Well that’s my tuppence worth over with. Time to shrink back into the realm of ER diagrams and trying not to drop bits salad into my keyboard (wife’s idea, the Guinness takes it toll and the mid life crisis and middle age spread isn’t helping much either).

Comment viewing options

Select your preferred way to display the comments and click "Save settings" to activate your changes.

using the wrong meauring stick

Part of the problem is that when referencing productivity, most people still use MS apps as their measuring stick.

For example, you say people want to know if they can use their excel and powerpoint files.

My point is, people want to use spreadsheets and word processors and presentation apps, etc. not specifically the MS variant.

That's why open standards are so important, then ALL apps can be evaluated equally, not just default to those who spend the most money or those who use questionable means to get their product used.

thats one very big stick

My point is that with such prolific use of the MS products people no longer refer to a word processor document, spreadsheet or presentation. The De Facto standard is, because of the integration among the masses, word, excel and PowerPoint. I build a lot of systems for a lot of people and never once been asked, "can I open my word processor document on that". I always, and I do mean always, get asked, "can I open my word documents", "can I use PowerPoint and excel". I would even go so far as to say that Outlook is now synonymous with reading email. If you plopped a MS user (90% of all users btw) in front of say, PCLOS, and asked them to create a word processing document the first words will be "where's word?"

If we were at the beginning and the MS products weren't used in such a widely accepted de facto standard then I would agree with you on the productivity tools generalisation but for now, for the average home user with a what? 90%+ MS use, they just want to know that they can read and edit their documents. They have never known any other products but the MS flavours and therefore a Word Processing Document to them is a word document and now every other word processing application will be called word. Does it matter what they call it? To instil the confidence needed to switch you need to show them that their files can be used. Once you have them over in OO or Symphony or whatever application or suite you tout to them they will be creating new documents and saving in open formats and as you say, the change will happen. It's just the initial conversion where they need hand holding with MS dummy (pacifier to you lot on the other side of the pond Smile ). It takes a long time to move perceptions and change de facto standards.

Of course, the change would be expedited if the corporate behemoths implemented the open source versions and more users were exposed to the various productivity suites but honestly, I can't see that happening en masse for quite some time.

When 90% of the users are still MS users what other measuring stick can you use? When talking about educating users, start with what they know then slowly educate them in using something else and knowing what the differences are.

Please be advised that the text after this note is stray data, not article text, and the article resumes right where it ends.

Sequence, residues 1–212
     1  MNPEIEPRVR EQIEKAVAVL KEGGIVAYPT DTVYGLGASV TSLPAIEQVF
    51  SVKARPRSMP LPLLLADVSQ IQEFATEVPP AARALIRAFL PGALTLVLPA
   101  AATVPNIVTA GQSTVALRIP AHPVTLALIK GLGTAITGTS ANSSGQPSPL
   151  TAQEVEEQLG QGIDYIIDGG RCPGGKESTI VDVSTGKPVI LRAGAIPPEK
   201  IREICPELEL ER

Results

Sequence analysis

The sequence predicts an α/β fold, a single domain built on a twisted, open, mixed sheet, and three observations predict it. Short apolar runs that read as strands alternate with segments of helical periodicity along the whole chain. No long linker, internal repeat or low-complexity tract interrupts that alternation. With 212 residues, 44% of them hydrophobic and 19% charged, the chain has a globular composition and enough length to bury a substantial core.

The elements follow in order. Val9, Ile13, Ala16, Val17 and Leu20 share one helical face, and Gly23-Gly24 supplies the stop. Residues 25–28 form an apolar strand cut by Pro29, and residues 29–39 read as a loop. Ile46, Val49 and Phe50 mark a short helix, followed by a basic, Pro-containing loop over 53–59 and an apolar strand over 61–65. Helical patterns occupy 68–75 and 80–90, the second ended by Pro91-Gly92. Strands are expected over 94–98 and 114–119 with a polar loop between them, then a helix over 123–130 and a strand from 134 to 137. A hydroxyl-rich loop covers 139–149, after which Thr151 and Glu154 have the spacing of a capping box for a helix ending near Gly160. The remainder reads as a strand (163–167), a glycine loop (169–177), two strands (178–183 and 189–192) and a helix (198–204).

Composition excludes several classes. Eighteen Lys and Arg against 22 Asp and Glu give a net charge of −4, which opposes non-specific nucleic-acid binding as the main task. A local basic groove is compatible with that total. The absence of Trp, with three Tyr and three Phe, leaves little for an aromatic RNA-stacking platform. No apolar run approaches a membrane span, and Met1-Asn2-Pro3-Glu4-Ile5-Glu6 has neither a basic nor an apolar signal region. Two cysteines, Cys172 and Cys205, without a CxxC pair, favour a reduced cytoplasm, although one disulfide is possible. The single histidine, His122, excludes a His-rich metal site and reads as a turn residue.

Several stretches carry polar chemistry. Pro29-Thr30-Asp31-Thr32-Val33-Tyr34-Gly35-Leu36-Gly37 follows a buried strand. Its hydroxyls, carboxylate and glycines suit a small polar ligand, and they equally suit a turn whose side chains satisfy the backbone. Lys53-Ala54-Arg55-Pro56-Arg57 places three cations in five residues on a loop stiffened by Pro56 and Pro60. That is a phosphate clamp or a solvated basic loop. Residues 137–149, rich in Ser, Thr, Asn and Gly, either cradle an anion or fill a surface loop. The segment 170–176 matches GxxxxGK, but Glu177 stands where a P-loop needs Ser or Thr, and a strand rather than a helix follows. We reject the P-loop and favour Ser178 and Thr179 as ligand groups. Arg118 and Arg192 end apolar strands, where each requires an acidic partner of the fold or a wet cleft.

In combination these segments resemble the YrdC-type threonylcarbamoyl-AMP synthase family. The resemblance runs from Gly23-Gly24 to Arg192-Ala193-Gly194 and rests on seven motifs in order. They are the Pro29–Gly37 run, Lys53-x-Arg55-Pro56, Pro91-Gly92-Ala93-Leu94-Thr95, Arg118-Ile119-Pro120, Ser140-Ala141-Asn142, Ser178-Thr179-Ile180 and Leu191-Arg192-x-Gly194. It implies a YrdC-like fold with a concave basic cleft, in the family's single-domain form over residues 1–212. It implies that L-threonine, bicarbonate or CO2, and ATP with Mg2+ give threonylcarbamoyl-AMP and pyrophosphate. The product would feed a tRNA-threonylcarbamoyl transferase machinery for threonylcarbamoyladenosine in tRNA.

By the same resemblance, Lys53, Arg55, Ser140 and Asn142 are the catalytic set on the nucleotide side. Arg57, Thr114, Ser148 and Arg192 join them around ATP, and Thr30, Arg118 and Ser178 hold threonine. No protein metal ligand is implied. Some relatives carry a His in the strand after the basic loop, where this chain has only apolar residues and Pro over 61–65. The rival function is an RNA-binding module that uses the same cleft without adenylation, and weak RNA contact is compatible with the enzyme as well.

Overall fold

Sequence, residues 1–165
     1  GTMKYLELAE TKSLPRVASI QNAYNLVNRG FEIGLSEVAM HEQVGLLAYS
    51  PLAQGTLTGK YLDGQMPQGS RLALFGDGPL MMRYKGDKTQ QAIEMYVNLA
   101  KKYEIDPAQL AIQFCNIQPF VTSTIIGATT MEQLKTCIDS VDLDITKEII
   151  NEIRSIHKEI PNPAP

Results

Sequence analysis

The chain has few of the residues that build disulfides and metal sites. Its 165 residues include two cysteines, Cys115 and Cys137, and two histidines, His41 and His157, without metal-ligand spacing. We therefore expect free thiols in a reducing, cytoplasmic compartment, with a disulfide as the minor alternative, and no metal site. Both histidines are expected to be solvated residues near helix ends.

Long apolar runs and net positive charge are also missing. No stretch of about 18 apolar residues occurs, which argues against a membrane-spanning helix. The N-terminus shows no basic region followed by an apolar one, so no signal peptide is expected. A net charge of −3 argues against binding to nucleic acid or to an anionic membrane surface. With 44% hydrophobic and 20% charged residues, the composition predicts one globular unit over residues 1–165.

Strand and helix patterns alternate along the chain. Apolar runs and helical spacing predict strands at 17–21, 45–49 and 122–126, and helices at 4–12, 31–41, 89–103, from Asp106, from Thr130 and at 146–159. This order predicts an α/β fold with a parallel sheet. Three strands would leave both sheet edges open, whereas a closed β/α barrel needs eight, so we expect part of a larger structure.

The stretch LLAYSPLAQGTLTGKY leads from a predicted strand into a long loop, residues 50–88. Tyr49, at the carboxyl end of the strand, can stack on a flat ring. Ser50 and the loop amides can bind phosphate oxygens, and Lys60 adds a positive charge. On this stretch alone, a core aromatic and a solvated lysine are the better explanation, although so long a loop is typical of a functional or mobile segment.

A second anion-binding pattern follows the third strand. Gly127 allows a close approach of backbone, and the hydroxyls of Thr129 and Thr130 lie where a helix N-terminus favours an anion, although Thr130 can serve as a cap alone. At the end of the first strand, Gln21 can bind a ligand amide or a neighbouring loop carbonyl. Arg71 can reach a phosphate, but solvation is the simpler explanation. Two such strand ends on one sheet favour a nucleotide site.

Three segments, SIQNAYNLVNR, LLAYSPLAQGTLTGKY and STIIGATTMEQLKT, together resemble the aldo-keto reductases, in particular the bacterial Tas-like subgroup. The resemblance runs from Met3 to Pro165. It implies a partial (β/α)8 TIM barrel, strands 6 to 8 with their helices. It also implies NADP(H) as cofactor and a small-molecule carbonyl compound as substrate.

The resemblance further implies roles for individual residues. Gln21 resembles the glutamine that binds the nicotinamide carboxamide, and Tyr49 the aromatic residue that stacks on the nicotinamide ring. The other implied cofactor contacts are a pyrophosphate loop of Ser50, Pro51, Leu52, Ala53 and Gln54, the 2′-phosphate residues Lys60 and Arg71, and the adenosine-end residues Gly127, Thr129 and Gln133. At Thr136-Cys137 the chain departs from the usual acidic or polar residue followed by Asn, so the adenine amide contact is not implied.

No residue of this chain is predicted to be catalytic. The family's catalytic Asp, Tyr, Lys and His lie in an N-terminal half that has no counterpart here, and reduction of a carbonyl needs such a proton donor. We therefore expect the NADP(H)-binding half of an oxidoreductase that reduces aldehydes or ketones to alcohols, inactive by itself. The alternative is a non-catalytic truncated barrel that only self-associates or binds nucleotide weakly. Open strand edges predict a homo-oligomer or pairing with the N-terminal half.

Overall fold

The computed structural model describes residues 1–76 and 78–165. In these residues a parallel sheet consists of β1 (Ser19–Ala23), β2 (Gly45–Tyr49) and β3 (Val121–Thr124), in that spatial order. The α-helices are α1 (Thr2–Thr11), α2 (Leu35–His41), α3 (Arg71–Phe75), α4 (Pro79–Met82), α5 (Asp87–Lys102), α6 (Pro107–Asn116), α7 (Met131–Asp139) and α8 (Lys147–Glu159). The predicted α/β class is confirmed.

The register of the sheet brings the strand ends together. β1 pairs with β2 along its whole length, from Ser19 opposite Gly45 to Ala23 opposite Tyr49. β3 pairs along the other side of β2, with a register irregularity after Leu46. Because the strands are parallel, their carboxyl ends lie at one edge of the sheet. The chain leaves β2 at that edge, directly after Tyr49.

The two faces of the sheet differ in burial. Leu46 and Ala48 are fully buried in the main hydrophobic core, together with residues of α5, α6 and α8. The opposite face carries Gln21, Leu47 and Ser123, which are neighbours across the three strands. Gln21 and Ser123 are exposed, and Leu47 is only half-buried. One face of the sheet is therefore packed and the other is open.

Just one more point, doesn't matter if the business ethics are questionable or not, if you can get 90%+ of users on the planet using your products you've created a standard for yourself. It's big business, principles and ethics will keep you on the outside in the rain looking in and change doesn't happen overnight.

More in Tux Machines

today's leftovers

  • Clear Linux Has A Goal To Get 3x More Upstream Components In Their Distro
    For those concerned that running Clear Linux means less available packages/bundles than the likes of Debian, Arch Linux, and Fedora with their immense collection of packaged software, Clear has a goal this year of increasing their upstream components available on the distribution by three times. Intel Fellow Arjan van de Ven provided an update on their bundling state/changes for the distribution. In this update he shared that the Clear Linux team at Intel established a goal this year to have "three times more upstream components in the distro. That's a steep growth, and we want to do that with some basic direction and without reducing quality/etc. We have some folks figuring out what things are the most desired that we lack, so we can add those with most priority... but this is where again we more than welcome feedback."
  • The results from our past three Linux distro polls
    You might think this annual poll would be fairly similar from year to year, from what distros we list to how people answer, but the results are wildly different from year to year. (At the time of the creation of each poll, we pull the top 15 distributions according to DistroWatch over the past 12 months.) Last year, the total votes tallied in at 15,574! And the winner was PCLinuxOS with Ubuntu a close second. Another interesting point is that in 2018, there were 950 votes for "other" and 122 comments compared to this year with only 367 votes for "other" and 69 comments.
  • Fedora Strategy FAQ Part 3: What does this mean for Fedora releases?
    Fedora operating system releases are (largely) time-based activity where a new base operating system (kernel, libraries, compilers) is built and tested against our Editions for functionality. This provides a new source for solutions to be built on. The base operating systems may continue to be maintained on the current 13 month life cycle — or services that extend that period may be provided in the future. A solution is never obligated to build against all currently maintained bases.
  • How open data and tools can save lives during a disaster
    If you've lived through a major, natural disaster, you know that during the first few days you'll probably have to rely on a mental map, instead of using a smartphone as an extension of your brain. Where's the closest hospital with disaster care? What about shelters? Gas stations? And how many soft story buildings—with their propensity to collapse—will you have to zig-zag around to get there? Trying to answer these questions after moving back to earthquake-prone San Francisco is why I started the Resiliency Maps project. The idea is to store information about assets, resources, and hazards in a given geographical area in a map that you can download and print out. The project contributes to and is powered by OpenStreetMap (OSM), and the project's entire toolkit is open source, ensuring that the maps will be available to anyone who wants to use them.
  • Millions of websites threatened by highly critical code-execution bug in Drupal